Ivory Coast: Death Squads On The Rise As Civil War Looms

It has already become a routine: as dusk sets in, residents block the crumbling, potholed tarmac roads in their neighbourhood with everything they can find. Wooden tables, sticks, rocks, disused signboards. This is for ""security"", they say.

But still, regularly after midnight, the 4x4s arrive – luxury cars or pick-up trucks carrying armed men. ""Usually they wear hoods, so we can't see their face,"" says one resident, Baba, who does not wish to give his surname. ""They shoot in the air, and everybody runs away. The unlucky ones who don't run fast enough are followed to their houses and taken away.""

The climate of fear is palpable in Abobo, a suburb of Abidjan and opposition stronghold in Ivory Coast, haunted again by the spectre of civil war. It seems nowhere is safe from the alleged ""death squads"".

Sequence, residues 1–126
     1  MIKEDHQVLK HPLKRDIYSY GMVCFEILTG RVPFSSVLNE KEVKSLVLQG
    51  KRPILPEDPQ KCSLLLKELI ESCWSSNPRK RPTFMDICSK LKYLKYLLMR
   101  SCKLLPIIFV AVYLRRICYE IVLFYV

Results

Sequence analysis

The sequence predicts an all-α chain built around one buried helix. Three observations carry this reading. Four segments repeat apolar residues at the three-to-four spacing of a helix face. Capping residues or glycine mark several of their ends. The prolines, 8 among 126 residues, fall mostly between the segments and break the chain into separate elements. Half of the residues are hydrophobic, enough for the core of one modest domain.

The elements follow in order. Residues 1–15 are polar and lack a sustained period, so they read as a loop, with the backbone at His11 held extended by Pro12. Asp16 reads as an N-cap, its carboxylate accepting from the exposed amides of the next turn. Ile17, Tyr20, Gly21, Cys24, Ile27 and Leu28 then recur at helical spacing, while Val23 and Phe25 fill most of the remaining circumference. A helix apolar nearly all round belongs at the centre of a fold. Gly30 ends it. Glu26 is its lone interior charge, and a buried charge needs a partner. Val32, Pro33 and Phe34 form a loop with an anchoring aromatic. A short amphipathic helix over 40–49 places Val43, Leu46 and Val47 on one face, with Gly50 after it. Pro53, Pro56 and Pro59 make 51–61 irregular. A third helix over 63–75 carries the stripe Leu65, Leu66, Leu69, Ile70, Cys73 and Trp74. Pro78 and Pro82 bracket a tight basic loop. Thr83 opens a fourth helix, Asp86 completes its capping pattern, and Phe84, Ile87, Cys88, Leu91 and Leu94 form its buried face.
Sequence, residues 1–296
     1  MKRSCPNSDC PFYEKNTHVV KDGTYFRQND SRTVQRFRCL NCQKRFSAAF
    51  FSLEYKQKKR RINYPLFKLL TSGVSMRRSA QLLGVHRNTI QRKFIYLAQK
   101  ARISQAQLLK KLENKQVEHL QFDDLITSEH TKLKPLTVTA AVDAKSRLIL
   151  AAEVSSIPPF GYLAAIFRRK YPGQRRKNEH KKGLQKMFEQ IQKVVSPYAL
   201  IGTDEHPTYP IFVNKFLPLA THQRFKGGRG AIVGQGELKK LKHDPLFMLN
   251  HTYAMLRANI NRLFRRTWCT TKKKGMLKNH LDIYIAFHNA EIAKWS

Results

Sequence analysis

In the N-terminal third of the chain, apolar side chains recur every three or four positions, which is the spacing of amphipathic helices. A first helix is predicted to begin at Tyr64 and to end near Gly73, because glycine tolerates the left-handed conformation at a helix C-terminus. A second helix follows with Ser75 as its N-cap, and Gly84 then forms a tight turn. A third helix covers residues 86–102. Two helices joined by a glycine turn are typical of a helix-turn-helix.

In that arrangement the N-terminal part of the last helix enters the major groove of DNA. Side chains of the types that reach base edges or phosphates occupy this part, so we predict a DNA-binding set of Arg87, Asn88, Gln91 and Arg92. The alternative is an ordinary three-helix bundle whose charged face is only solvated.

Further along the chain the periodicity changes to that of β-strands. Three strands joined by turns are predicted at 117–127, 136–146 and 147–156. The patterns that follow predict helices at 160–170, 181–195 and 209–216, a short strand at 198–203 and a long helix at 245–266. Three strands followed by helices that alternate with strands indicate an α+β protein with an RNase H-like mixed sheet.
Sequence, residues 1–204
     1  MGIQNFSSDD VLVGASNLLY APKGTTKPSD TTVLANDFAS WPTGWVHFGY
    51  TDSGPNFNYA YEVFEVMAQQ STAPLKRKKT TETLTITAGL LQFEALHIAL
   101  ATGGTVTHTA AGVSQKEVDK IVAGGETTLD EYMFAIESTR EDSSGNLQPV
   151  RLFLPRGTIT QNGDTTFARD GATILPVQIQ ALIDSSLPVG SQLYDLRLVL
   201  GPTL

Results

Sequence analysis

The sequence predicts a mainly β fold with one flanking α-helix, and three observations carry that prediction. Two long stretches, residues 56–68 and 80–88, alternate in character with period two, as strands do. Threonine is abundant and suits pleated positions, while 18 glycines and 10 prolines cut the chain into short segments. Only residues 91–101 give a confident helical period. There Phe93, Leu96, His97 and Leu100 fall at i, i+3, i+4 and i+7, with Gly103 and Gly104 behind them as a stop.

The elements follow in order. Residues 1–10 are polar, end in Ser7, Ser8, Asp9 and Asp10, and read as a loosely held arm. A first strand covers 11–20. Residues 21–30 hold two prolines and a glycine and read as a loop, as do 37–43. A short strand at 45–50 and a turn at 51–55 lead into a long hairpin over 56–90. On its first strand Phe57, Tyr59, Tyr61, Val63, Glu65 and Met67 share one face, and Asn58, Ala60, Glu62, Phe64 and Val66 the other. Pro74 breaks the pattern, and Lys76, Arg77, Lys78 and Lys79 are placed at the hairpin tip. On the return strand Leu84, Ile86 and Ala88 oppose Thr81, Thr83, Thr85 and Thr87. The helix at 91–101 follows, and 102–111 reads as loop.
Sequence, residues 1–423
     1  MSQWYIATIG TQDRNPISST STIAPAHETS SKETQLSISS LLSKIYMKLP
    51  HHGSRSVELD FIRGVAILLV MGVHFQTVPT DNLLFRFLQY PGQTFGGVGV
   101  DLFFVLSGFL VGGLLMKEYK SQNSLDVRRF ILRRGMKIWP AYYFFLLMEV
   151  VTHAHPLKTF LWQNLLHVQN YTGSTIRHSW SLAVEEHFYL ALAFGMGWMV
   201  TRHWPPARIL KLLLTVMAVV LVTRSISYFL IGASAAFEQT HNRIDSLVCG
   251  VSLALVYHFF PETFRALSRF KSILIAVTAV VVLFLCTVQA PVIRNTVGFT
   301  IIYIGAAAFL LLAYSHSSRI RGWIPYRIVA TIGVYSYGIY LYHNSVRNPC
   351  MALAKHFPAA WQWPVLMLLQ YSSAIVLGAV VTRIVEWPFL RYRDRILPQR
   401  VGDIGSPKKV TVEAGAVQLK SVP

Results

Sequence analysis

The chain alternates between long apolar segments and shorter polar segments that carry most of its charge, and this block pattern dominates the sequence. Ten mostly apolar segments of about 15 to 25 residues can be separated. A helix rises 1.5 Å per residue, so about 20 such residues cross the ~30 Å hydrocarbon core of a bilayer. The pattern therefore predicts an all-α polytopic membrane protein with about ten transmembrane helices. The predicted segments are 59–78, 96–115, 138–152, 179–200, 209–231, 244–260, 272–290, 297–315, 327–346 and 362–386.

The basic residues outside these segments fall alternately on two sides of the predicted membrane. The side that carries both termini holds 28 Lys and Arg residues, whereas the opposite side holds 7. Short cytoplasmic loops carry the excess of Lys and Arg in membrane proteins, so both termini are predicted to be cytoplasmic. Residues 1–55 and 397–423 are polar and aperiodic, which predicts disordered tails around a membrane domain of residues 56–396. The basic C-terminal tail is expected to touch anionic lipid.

A tense standoff continued today between president Laurent Gbagbo and the man almost universally acknowledged to have defeated him at the ballot box, Alassane Ouattara, who remains holed up in a UN-guarded hotel. Amid reports of post-election atrocities by Gbagbo's security forces, France urged its nationals to flee the west African nation.

Baba, a car mechanic, says he knows of at least four young men who have been ""arrested"" in Abobo and not seen again. Worse are the unresolved deaths of three of his colleagues, who had been travelling in an old taxi to buy spare parts at a scrapyard on the outskirts of town.

""Their car was sprayed with bullets,"" he recalled. ""This is what others have told me. I didn't see it, but I saw their bodies. They were Muslim, so we buried them the same day."" After two weeks of night-time raids by armed men – sometimes in military uniform, sometimes in unmarked cars – residents of Abidjan have devised their own neighbourhood alarm system.

""I grabbed my biggest cooking pot and started banging it with a wooden spoon,"" explained Amandine (not her real n